Giulia Andreani /
I was born in Venice, clinically dead. Well, in the suburbs of Venice. There was a lot of snow on that day and – rare enough to be mentioned – the lagoon was frozen. The mal del ponte (the bridge sickness) in the fog and the sunset. I have crossed that Mussolinian Ponte della libertà thousands of times. Venetian people hate it because it links the city to the campagna, the main land of the country bumpkins. For a few minutes, I would feel in a kind of limbo, an in-between, out of time. The feeling is very strange and the sight amazing. On one side Venice, that “whore with rotten teeth” as Ezra Pound used to call it; on the other, that enormous petrochemical complex. Everything fades in the colours of the lagoon. No work in the Biennale has ever managed to equate this impression, even if Olafur Eliasson's work in 2005 was quite good. Armenity, the Armenian pavilion on the Island of San Lazzaro, Melik Ohanian's project in particular.
I am also eager to discover the Italian pavilion. I've heard that the work of painter Nicola Samori will be exhibited. Italian Pavilion Curator: Vincenzo Trione. Padiglione Italia, Tese delle Vergini at Arsenale. The Gallerie dell'Accademia that contains the collection of the School of Fine Arts with its masterpieces such as The Miracle of the Slave (also known as The Miracle of St. Mark, 1548) by Tintoretto. I had the great fortune to go to classes in the historical headquarters of the school, next to the museum. After that – and that's what you get when you live in a museum city – the classrooms were moved to another location, close to Punta della Dogana, called the Incurabili: a former psychiatric hospital then a jail for juvenile delinquents. The word means “the ones that cannot be cured”… not bad for young artists! Gallerie dell'Accademia Campo della Carità, 1050 gallerieaccademia.org Scuola grande di San Rocco where one can admire a beautiful group of paintings by Tintoretto. It's something of a ritual for me to visit them every time I go back to Venice.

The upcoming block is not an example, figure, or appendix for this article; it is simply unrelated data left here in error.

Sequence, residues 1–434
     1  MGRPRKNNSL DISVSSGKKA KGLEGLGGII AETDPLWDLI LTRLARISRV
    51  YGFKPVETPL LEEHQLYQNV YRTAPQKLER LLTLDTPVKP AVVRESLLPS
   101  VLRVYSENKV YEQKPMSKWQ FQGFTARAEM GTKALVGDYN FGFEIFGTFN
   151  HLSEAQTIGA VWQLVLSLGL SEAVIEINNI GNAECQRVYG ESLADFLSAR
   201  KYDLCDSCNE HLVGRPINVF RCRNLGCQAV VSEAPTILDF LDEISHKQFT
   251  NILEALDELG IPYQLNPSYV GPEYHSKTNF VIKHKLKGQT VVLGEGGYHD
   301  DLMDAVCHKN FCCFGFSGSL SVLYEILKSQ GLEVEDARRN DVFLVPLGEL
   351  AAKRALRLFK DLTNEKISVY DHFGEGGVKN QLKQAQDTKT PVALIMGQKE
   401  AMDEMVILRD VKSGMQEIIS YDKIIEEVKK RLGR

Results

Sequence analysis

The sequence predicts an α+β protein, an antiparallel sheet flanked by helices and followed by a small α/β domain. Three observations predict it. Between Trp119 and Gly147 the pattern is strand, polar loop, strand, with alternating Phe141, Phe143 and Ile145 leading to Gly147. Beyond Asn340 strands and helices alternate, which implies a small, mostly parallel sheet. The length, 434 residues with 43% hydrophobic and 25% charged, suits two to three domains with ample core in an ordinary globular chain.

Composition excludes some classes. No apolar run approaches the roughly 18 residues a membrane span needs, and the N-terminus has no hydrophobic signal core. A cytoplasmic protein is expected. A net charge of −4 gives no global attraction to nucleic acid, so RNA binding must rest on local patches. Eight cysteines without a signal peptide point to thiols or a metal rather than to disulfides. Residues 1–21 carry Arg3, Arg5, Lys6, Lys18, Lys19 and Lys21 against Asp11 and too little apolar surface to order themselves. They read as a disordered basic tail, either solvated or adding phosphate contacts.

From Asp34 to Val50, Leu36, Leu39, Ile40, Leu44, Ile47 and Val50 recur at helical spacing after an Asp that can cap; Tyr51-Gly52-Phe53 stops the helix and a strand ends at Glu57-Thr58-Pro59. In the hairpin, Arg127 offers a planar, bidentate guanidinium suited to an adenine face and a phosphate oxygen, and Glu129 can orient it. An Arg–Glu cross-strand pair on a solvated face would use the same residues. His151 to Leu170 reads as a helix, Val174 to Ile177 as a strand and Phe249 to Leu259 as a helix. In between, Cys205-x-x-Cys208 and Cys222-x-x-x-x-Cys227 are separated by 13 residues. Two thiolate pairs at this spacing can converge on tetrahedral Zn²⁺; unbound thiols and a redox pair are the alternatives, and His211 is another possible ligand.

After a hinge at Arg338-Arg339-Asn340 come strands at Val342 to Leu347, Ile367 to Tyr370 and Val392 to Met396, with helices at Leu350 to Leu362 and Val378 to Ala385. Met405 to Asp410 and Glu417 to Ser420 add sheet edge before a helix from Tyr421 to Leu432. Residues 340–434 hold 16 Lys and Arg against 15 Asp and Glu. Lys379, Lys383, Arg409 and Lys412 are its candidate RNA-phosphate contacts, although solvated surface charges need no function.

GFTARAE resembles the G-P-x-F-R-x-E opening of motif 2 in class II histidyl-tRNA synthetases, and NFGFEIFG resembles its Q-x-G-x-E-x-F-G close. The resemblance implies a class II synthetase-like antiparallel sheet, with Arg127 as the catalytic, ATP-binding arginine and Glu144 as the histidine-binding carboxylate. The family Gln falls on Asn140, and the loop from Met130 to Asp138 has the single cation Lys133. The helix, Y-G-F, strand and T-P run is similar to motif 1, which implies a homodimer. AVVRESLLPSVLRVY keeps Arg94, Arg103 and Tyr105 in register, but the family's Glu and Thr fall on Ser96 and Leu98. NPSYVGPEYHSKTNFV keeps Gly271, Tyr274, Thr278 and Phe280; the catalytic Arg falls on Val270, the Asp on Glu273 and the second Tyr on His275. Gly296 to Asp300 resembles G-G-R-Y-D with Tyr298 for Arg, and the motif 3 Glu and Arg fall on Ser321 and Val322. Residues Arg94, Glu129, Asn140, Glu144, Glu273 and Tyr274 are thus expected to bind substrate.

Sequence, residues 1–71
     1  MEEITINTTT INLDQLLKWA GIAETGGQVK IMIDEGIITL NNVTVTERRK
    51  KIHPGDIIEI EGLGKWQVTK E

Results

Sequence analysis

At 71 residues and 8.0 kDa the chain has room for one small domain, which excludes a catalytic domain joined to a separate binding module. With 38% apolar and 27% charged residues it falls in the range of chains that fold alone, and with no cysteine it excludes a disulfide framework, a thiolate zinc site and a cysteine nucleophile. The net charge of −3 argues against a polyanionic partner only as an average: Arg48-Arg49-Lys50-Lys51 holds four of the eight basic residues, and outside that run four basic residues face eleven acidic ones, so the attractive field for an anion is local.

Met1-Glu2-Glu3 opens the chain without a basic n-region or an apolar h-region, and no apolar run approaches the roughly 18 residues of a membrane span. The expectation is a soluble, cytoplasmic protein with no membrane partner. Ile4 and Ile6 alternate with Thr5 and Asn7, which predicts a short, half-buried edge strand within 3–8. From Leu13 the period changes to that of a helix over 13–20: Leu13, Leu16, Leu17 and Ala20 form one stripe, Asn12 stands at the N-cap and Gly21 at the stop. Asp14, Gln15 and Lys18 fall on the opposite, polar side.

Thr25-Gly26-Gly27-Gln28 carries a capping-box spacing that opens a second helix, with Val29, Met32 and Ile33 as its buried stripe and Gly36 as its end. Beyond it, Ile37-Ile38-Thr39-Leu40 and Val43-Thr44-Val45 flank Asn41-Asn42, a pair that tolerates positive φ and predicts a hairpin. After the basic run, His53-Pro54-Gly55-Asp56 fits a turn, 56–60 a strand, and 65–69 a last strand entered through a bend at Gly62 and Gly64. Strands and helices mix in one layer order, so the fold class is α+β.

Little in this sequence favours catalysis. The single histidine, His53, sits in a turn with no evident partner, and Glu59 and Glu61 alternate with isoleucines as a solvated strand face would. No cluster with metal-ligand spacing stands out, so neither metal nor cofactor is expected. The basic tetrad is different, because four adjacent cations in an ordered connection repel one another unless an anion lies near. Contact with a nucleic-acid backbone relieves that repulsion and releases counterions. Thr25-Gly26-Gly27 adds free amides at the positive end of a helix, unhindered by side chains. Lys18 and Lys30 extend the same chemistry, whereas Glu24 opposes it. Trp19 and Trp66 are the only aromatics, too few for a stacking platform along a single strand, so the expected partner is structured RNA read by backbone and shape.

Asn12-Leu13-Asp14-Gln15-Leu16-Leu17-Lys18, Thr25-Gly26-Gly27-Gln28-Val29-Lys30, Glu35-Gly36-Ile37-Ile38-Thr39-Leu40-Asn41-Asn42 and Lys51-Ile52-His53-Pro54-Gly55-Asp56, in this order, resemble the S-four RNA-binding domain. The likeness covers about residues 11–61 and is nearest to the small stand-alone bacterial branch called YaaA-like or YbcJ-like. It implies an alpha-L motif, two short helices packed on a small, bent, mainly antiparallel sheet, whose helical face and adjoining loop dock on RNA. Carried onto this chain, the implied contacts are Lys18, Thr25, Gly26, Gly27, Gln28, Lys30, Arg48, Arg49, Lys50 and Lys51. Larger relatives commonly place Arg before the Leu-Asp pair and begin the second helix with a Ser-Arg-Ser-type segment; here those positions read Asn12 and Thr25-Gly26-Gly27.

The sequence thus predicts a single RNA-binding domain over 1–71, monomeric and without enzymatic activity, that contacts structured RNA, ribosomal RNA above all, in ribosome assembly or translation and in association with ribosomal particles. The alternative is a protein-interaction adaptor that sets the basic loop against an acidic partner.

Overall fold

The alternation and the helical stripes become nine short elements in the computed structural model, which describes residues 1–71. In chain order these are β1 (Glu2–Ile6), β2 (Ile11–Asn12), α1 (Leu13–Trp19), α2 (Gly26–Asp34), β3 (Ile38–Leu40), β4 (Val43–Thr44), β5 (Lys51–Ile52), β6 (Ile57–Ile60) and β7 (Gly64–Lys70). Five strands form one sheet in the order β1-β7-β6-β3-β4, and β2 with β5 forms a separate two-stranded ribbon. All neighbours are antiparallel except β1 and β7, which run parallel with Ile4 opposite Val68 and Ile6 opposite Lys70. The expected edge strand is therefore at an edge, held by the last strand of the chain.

I really love the Spazio Vedova, a strange museum designed by Renzo Piano dedicated to this informal Venitian painter. Fondazione Vedova Dorsoduro, 42 - fondazionevedova.org
The Bottegon is the wine shop where art school students like me used to drink a lot of wine and spritz after class. They have great cicchetti (small snacks). It's located opposite the Squero where gondolas are made.
Ponte delle tette, the “bridge of the tits” was the sexy neighbourhood of the Serenissima Repubblica di Venezia. The legend says that the courtesans would unveil their charms at the windows to entice the passers-by… Ponte delle tette, Sestiere San Polo Santa Maria dei Miracoli is a very well-hidden church. Its nickname is “the jewel box”. Santa Maria dei Miracoli - Cannaregio, 6074 I love the dark side of Venice, and I must mention Zona Bandita. It's a palazzo that was turned into a kind of squat where a lot of artists used to live and work. I spent a lot of time there, painting and almost living there. There is a fresco of Ceres and Bacchus on the ceiling and a great view on the Grand Canal. In the end it was quite chic, except for the junkies that sometimes slept on the floor. Fondamenta dei Tabacchi Santa Croce
Rio San Girolamo, a canal on the banks of which one can sunbathe, one of the loveliest parts of the Cannaregio neighbourhood where I used to live.
Rio Marin which is of little interest… but where I crossed paths with my great love, a forestiero – this is how we call strangers in Venice. When I think about it my glycaemia certainly gets higher.
“One of the greatest emotions I have ever felt: on the Ponte della libertà. On one side, Venice, that ‘whore with rotten teeth’ as Ezra Pound called it; on the other, that huge petrochemical complex.”
GIULIA ANDREANI, LES SEPT SOEURS, 2011, acrylic on canvas, 200 x 250 cm, Collection Conseil Général de l'Eure.